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Tafelspitz – a specialty of Viennese cuisine – is served in many of the city’s restaurants
© WienTourismus/Peter Rigaud
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Unlike the outdoor seating offered in the city's countless restaurant gardens (Gastgärten), Schanigärten can be set up on public spaces such as squares, pedestrian zones or sidewalks. However, they have to be close to the catering premises and leave sufficient space for passers-by. Between March 1 and November 15 there are around 1,800 sidewalk cafés to choose from in Vienna, weather permitting. Flower pots take the place of garden fences, with parasols providing cooling shade. These temporary bars are veritable oases of relaxation and are the ideal place to watch the world go by - people inevitably slow down to check out the scene and toy with the idea of taking a break, while the guests sit back and watch the world go by.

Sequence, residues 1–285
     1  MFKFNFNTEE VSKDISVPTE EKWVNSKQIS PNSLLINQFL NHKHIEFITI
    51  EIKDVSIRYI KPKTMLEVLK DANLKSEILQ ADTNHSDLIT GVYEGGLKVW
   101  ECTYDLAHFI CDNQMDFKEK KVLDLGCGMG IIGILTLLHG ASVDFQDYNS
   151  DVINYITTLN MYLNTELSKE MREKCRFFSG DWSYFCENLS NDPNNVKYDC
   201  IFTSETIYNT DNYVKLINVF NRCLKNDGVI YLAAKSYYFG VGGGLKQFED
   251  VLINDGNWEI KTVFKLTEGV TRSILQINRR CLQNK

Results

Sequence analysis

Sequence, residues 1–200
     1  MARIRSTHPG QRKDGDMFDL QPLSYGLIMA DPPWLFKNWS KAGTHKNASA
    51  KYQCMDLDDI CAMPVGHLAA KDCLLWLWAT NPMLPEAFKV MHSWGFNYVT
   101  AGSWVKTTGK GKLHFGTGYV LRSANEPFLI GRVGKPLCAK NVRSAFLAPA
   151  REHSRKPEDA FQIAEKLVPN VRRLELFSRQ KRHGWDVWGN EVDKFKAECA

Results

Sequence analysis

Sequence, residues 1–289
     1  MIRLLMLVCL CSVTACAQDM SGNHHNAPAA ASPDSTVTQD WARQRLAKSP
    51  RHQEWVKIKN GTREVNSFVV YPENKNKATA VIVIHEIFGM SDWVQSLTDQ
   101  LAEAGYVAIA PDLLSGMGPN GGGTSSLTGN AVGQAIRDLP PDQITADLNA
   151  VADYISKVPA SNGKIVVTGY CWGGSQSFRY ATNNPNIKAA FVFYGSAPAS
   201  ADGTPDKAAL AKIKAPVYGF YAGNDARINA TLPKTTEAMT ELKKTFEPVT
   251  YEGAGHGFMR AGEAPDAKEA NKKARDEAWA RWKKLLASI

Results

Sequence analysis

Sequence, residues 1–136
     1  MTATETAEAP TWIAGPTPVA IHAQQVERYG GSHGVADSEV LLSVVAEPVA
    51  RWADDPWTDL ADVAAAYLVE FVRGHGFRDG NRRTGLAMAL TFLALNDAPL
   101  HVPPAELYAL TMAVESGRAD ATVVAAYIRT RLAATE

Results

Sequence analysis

Vienna's first Schanigarten opened in 1754 when Johann Jakob Taroni set up a covered lemonade stall on the Graben in the old town. The term "Schanigarten" is thought to stem from this pioneer of the sidewalk café as Jean and its derivative Schani are Viennese diminutives for the name Johann. However, in those days apprentice waiters were also often referred to as "Jean" or "Schani". Many people believe that the term Schanigarten comes from the oft-repeated instruction: "Schani, take that out into the garden."